It should be much larger than the input resistor. The number 10 is just a nice round number somebody picked.
The feedback resistor is a necessary evil. Ideally you wouldn't want to have it, but without it the output is likely to saturate. If the op-amp saturates then the op-amp will no longer behave like an op-amp and you won't get anything close to the integral at the output.
The feedback resistor takes some current that would otherwise be going into the capacitor to create the integral function. Having it there creates a little bit of error in the output. The larger the feedback resistor is, the less error there will be.
Normally if you are trying to get a pure integral function, then you make a trade-off between having the feedback resistor as large as possible, but not so large that the output saturates.
So how does it prevent the output from saturating?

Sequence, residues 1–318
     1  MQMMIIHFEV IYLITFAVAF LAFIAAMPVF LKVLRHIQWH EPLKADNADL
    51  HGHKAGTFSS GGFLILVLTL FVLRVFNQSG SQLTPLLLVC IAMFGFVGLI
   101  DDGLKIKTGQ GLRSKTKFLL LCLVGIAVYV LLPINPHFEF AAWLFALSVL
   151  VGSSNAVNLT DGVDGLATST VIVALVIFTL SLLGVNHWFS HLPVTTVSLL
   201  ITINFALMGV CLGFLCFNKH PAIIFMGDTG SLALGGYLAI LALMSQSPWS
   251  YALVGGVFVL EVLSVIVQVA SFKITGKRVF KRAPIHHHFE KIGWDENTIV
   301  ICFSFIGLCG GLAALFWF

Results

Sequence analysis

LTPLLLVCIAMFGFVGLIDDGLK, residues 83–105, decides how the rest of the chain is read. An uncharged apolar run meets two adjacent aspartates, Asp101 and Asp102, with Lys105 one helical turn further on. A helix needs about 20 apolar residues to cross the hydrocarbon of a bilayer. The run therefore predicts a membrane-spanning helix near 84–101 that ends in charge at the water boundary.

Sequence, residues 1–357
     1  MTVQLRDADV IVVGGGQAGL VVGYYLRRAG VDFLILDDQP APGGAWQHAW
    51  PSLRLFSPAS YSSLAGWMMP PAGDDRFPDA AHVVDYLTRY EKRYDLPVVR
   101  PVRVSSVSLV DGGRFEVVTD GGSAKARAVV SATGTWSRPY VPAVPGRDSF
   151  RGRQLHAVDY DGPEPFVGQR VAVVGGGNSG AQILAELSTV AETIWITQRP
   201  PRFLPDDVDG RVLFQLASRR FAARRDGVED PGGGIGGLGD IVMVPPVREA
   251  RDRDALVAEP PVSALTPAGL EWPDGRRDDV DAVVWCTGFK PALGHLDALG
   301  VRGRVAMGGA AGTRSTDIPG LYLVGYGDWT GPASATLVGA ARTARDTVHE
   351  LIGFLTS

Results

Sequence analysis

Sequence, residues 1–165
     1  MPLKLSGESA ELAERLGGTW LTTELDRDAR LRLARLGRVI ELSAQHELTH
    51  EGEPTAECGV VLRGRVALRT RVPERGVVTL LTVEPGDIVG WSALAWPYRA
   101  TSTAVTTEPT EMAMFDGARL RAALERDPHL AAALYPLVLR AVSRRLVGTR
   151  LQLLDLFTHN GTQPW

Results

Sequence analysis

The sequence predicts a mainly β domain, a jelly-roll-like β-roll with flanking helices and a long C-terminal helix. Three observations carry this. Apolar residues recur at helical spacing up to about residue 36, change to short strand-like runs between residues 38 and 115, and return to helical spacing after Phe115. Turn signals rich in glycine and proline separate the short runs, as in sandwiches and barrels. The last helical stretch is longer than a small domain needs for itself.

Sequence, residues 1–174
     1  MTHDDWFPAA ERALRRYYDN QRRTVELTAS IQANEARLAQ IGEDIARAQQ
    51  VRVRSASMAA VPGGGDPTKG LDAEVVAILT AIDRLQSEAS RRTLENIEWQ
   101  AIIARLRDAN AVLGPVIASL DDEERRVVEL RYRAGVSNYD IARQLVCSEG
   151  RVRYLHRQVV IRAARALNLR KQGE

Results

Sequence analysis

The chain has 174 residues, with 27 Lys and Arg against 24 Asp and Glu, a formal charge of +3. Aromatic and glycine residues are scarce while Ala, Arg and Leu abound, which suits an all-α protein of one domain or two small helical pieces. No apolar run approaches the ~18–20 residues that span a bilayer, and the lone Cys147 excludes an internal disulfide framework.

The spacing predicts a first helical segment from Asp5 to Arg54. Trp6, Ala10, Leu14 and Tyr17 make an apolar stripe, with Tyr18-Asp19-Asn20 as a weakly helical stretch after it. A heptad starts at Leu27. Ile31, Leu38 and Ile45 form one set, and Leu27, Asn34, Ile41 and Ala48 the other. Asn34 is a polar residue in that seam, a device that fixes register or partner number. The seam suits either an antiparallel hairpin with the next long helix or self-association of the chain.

Imagine you put a sine-wave into the input that is centered around 0V. Theoretically the average value of this waveform is 0V, so the integral should be bounded. But in reality the average won't be exactly 0V, and even if it was, the op-amp input has finite input resistance and will take some bias current.
Without the feedback resistor the output would eventually wander all the way to one of the power supply voltages and the integrator would stop working. What the feedback resistor does is steal a little current from the output in such a way that it tends to very slowly pull the integral back towards 0V. So as long as the average of the input is very close to 0V then the output wont wander too far.
Note that if your capacitor is leaky enough, you may not need to add a separate resistor, since you essentially have one inside the capacitor.